Clifford Stott is famous for decreasing European football hooliganism and rioting. He trained the police on “low-profile, nonaggressive tactics” and said to “leave the riot gear behind.” It worked. Turns out, when hooligans aren’t treated like hooligans, they stop acting like hooligans.
Thinking about my toughest clients, my most abrasive coworkers, my misbehaving kids, and my drama-filled family members, I wonder how much of that was a self-fulfilling prophecy. I thought they were that way, so I treated them that way, so they acted that way.
Extreme Ownership has a fantastic chapter called “Leading Up and Down The Chain”. It explains that whenever anyone is acting a fool, you have to ask yourself what you are doing wrong to cause that.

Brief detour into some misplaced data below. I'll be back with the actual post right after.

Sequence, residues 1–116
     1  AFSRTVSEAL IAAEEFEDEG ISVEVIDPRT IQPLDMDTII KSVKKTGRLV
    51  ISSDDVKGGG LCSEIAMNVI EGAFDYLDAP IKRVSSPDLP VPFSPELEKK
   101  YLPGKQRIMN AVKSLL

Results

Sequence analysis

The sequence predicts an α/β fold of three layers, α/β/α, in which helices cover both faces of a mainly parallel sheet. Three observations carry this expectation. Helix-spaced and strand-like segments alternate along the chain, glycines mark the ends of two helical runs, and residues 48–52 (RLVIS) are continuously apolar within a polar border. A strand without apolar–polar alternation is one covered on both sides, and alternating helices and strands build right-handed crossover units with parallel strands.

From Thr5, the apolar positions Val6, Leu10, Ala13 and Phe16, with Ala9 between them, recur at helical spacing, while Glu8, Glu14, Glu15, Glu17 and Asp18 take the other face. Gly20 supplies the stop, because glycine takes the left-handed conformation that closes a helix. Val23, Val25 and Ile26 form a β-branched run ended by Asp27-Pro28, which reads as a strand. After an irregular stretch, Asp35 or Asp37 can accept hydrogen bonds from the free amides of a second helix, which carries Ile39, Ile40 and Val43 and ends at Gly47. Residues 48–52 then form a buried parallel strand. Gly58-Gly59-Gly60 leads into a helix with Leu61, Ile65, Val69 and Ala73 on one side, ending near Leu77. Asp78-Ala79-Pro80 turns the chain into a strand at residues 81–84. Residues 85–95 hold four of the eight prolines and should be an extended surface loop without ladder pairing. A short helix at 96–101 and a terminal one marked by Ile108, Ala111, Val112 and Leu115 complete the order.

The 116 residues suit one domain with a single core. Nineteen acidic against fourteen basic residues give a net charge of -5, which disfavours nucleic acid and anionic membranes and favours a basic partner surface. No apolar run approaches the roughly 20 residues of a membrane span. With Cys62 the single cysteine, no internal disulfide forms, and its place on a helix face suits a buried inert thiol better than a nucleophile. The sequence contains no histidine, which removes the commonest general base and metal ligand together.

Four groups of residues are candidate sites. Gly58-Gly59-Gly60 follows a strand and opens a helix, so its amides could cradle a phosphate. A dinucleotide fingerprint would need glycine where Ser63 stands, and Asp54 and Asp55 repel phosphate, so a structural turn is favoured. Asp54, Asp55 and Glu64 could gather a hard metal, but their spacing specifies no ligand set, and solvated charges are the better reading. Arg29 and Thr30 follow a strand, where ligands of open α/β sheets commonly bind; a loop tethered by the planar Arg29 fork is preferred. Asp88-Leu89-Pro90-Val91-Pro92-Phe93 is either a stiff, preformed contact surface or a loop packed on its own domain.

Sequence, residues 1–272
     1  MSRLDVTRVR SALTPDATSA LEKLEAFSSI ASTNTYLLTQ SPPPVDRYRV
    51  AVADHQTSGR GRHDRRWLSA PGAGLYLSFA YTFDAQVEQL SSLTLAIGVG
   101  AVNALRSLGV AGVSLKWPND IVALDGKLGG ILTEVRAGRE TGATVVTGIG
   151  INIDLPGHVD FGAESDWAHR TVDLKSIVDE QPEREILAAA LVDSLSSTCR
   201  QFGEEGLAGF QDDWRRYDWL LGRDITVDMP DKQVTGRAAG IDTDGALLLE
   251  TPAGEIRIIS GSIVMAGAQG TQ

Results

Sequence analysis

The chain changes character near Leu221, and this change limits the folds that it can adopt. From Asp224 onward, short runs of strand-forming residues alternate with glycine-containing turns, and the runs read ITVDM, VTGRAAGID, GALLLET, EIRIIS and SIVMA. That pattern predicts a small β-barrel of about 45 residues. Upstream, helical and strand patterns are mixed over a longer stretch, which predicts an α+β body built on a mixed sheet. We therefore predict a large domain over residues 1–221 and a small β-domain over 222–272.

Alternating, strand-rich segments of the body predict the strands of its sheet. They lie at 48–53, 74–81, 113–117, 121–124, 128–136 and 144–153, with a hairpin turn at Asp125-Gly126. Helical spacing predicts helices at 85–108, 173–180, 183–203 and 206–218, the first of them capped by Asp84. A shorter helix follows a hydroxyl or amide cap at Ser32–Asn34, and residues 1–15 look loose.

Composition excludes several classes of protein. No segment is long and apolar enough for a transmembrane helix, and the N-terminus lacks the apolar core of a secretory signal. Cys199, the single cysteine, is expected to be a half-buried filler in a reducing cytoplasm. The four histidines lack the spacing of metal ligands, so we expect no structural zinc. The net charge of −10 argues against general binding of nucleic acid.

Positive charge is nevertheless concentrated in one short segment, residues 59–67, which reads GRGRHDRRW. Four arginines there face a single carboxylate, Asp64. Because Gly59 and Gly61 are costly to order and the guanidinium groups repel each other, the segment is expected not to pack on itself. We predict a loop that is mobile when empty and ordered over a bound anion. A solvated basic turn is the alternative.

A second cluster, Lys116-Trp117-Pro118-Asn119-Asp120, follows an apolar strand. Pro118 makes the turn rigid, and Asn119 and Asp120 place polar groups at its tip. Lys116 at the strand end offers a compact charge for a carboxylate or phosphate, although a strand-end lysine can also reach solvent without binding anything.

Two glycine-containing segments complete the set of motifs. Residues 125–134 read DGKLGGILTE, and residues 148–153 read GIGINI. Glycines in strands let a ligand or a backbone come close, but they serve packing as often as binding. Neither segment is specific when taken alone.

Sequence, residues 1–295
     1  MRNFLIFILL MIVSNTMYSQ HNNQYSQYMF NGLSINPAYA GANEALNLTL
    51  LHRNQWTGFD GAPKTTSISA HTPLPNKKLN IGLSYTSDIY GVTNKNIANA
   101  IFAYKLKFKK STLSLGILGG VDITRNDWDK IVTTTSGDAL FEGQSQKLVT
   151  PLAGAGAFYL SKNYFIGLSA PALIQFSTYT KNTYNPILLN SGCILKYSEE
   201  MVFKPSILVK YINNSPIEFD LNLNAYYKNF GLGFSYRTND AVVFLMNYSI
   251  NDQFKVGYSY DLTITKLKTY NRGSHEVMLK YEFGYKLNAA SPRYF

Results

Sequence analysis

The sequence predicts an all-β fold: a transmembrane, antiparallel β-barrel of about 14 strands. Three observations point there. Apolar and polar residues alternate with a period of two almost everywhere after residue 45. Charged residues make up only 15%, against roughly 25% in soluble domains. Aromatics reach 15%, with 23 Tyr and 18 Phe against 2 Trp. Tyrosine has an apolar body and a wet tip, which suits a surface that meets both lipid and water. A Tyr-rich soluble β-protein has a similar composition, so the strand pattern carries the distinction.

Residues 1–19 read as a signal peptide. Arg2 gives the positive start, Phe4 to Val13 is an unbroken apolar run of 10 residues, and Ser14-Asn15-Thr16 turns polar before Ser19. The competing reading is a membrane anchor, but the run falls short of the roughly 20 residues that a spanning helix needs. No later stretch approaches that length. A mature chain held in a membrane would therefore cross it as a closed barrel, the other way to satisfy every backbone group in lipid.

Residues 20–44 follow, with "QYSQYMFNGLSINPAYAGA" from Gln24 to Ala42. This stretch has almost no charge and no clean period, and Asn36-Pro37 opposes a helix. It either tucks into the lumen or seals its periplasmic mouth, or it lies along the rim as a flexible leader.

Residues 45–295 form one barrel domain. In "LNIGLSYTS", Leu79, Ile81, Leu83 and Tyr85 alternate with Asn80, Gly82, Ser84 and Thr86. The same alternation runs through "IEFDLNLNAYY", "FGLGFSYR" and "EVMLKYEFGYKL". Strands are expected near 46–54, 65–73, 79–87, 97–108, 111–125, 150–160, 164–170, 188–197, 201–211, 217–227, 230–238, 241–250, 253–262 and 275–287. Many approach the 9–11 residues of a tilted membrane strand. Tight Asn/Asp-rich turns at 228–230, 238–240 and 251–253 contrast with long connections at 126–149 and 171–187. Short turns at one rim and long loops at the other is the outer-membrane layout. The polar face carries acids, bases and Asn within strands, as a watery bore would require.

If your boss is being a jerk, assume for a second that’s your fault. What are you doing that’s making her lash out? What are you not giving her that she needs? Are you expecting her to be a jerk and letting that tarnish your interaction with her? “We become what we are told we are.”
Lots of parenting books talk about breaking a cycle that isn’t working. Say my kid resists doing his homework, and every night is a battle about it that ends with yelling and tears. That’s a cycle that isn’t working. I can keep trudging up that terrible hill, or I can break the cycle. Maybe failing with abandon is the answer for once. Maybe if I treat him like a kid who does his homework willingly, then he’ll become that kid. “We become what we are told we are.”
This all boils down to the cliche that we should take the charitable stance. But that’s a tough rule to follow in the moment. Instead, try this: treat everyone like the person you want them to be, rather than the person you think they are.